Thomas Birch, born in Warwickshire, England, immigrated with his family to America in 1794, when he was fifteen years old. Settled in Philadelphia, he began his career as apprentice and assistant to his father, William Birch, contributing drawings to plates for their Views of Philadelphia, published in 1800. William Birch, a versatile artist, was also an important early miniaturist in America, whose subjects included George Washington and the Marquis de Lafayette. He owned a collection of European paintings, notably marine works by Dutch artists Jacob van Ruisdael and Jan van Goyen. Inspired by these artists, Thomas Birch yearned to be a marine painter. Practical considerations dictated, instead, that he launch his career in the one line of the fine arts that could support a living in the early Republic: portraiture. Though few of his early portraits are extant, it is significant that they are predominantly of people connected to either the navy or the maritime business.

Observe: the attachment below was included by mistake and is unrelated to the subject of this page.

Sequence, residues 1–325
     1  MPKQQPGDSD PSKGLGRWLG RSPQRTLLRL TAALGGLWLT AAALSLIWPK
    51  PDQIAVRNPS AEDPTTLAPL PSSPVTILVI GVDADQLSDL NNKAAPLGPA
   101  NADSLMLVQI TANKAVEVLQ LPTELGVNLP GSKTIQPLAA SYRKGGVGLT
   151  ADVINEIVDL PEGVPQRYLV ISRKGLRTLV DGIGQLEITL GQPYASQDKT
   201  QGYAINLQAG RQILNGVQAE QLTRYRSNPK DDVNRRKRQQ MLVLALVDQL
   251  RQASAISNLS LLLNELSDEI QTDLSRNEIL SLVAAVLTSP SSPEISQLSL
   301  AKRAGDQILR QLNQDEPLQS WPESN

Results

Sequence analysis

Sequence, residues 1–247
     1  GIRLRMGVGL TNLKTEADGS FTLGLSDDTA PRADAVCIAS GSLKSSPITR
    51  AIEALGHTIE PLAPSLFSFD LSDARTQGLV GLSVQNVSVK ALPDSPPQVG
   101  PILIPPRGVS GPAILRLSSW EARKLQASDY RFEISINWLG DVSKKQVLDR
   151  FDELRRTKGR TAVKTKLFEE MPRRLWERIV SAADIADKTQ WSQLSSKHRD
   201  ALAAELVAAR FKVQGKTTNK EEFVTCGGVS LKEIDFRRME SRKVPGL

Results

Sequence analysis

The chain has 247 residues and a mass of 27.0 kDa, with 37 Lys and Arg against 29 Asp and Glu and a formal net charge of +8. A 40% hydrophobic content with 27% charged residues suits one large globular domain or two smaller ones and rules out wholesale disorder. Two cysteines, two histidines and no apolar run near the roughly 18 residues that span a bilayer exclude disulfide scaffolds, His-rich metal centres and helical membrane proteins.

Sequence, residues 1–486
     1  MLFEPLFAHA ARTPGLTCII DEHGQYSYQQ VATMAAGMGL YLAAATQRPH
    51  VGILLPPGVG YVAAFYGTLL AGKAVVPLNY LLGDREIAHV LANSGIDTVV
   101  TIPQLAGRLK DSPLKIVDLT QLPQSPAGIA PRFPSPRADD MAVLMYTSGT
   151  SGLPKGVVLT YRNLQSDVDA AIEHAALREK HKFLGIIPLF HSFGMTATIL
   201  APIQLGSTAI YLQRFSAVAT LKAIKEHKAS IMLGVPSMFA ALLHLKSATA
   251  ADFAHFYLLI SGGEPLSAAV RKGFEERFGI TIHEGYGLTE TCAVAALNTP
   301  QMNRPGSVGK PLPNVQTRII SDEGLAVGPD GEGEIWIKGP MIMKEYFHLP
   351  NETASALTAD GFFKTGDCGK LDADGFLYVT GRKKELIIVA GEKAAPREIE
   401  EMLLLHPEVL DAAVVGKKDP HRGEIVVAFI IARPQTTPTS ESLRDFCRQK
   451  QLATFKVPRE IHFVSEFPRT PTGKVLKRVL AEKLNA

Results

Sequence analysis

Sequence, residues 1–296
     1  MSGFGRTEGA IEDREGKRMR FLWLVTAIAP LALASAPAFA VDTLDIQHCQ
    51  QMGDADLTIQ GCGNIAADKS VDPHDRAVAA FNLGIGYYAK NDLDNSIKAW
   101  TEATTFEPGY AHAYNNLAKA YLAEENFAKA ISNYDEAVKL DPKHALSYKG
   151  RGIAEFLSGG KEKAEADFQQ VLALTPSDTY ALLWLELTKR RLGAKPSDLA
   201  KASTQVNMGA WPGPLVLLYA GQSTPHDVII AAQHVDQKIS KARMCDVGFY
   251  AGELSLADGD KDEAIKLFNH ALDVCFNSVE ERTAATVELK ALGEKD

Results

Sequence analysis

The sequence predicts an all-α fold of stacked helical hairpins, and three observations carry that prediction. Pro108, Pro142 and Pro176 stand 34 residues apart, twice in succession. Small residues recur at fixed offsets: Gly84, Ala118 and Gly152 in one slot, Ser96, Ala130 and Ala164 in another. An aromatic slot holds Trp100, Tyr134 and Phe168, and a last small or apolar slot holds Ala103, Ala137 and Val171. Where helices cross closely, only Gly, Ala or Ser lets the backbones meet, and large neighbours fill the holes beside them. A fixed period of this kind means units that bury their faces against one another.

Birch’s interest in landscape painting began to develop around 1806. In 1807 he was sketching on the Cape of Delaware. He was thus one of the earliest American artists to focus on landscape and marine painting. (For a brief overview of Birch’s career, see William Gerdts, Thomas Birch, exhib. cat. [Philadelphia: Philadelphia Maritime Museum, 1966]. For an evaluation of Birch’s career and influence, see William Gerdts, “Thomas Birch: America’s First Marine Artist,” The Magazine Antiques LXXXIX [April, 1966], pp. 528–34.) Birch was ideally located to pursue an interest in marine painting. By the time of the American Revolution, Philadelphia had grown from its modest beginning as a small settlement on the Delaware River to become the preeminent port in the North American colonies and the third-largest port in the British Empire, trailing only London and Liverpool. Philadelphia maintained first-place position until 1825, when it was surpassed by New York. It remains today a significant commercial and shipping hub and its Delaware shoreline counts among the largest freshwater ports in the world.